Flamboyance and aggression were never his watchwords. In that respect, Sunil Gavaskar has played true to style. Displaying his famed penchant for doing things slow and steady, the legendary opener finally took a tangible step to clean the muck. Two weeks after the Supreme Court appointed him interim BCCI president for IPL-related affairs, the legendary opener brought on board Deepak Parekh as his special advisor.
Parekh, a doyen of real estate in India, is a self-confessed cricket aficionado. But that's not what he's famous for. A long-time chairman of Housing Development Finance Corporation (HDFC), the 69-year-old chartered accountant is on the board of several Indian and multinational corporations.
Gavaskar, who took over the reins of the BCCI after the apex court forced N Srinivasan to step down on March 28, did nothing of note in the fortnight gone by. But his decision to seek the services of Parekh is an absolute masterstroke.
"I am delighted that Deepak has accepted my invitation to come on board as a special advisor and special invitee to the Indian Premier League governing council," the former India captain said in a statement. "It is apt that an individual of the calibre of Mr Parekh will be joining the BCCI-IPL's leadership group. With a diverse combination of skills and experience, this appointment will result in a well-rounded senior management team at the IPL — one that will set the direction for a better and bigger league," he added.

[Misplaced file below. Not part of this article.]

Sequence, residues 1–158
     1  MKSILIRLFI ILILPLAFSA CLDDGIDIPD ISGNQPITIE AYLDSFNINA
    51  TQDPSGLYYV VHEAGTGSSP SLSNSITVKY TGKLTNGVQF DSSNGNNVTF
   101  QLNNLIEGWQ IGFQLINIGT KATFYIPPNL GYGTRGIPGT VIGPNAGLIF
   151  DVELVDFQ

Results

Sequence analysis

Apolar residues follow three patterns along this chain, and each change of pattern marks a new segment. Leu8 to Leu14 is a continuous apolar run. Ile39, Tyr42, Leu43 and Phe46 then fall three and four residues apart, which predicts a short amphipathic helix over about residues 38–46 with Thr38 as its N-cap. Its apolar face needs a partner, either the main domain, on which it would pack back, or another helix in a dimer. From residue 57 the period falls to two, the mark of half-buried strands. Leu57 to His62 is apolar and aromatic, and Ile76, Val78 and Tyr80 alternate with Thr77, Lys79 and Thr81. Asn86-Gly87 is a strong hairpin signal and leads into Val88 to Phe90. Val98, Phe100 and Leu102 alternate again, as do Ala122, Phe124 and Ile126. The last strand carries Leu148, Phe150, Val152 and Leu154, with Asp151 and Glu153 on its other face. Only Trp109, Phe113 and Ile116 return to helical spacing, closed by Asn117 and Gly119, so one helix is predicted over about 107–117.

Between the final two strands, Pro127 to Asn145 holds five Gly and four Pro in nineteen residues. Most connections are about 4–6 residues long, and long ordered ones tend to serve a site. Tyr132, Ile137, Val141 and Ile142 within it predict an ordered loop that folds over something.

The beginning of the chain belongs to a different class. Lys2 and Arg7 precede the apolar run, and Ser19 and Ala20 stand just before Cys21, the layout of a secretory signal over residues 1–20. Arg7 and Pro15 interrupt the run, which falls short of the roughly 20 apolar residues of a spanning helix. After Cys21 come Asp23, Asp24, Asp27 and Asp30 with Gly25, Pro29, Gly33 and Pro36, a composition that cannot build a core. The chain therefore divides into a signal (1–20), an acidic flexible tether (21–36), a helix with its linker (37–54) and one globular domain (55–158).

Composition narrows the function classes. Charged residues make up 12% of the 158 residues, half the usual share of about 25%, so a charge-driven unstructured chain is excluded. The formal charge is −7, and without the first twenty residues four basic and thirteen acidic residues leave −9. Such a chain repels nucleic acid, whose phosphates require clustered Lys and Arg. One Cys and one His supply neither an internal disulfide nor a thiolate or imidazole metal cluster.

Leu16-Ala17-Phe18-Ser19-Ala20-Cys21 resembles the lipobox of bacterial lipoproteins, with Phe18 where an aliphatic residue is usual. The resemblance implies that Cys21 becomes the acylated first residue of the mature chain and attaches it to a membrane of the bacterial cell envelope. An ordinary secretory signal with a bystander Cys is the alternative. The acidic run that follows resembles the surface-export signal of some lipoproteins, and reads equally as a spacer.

Often hailed as a 'Crisis Man', Parekh will bring to the table his experience, acumen and integrity. His role in the revival of the scandal-hit Satyam Computers was laudable. A Padma Bhushan awardee, Parekh is excited about his new challenge. "Sunil visited me on Thursday and I agreed to come on board. I am avid cricket follower and have been watching the game for over 40 years," he told dna.
"Both of us went to St Xavier's High School (Dhobi Talao). He was junior to me by several years, but we all knew of him. I admired his batting. This (role) is just for four to six weeks. We have to ensure that these IPL games go off smoothly. When asked if he's played the game, Parekh said, "Who hasn't? Not at the national level, but certainly in school, college and my 'gully'."
For the first time in recent memory, the BCCI has brought in a complete 'outsider' into its fold. If nothing, this is a clear indication that the board has realised that the IPL needs a problem solver of repute and distinction. The catch here is that both Gavaskar and Parekh will be around till June 1, the day the seventh edition of the league concludes.
A firebrand former India skipper dubbed Gavaskar a "nightwatchman". "He has been given the job for four to six weeks. And now, he has sought the services of an eminent India Inc personality. Let's assume they take some positive and progressive steps. But what happens after the IPL. Do you think the people who run the show in the BCCI will implement these?" he thundered.
Moreover, Gavaskar is yet to take a call on the future of IPL chief executive Sundar Raman. In a letter to Aditya Verma, secretary of the unrecgonised Cricket Association of Bihar, Gavaskar said he was "evaluating" Raman's role. The IPL starts in less than four days and it is unlikely that Raman will be deplaned. For now, though, all eyes will be on Gavaskar and his new 'firefighter'.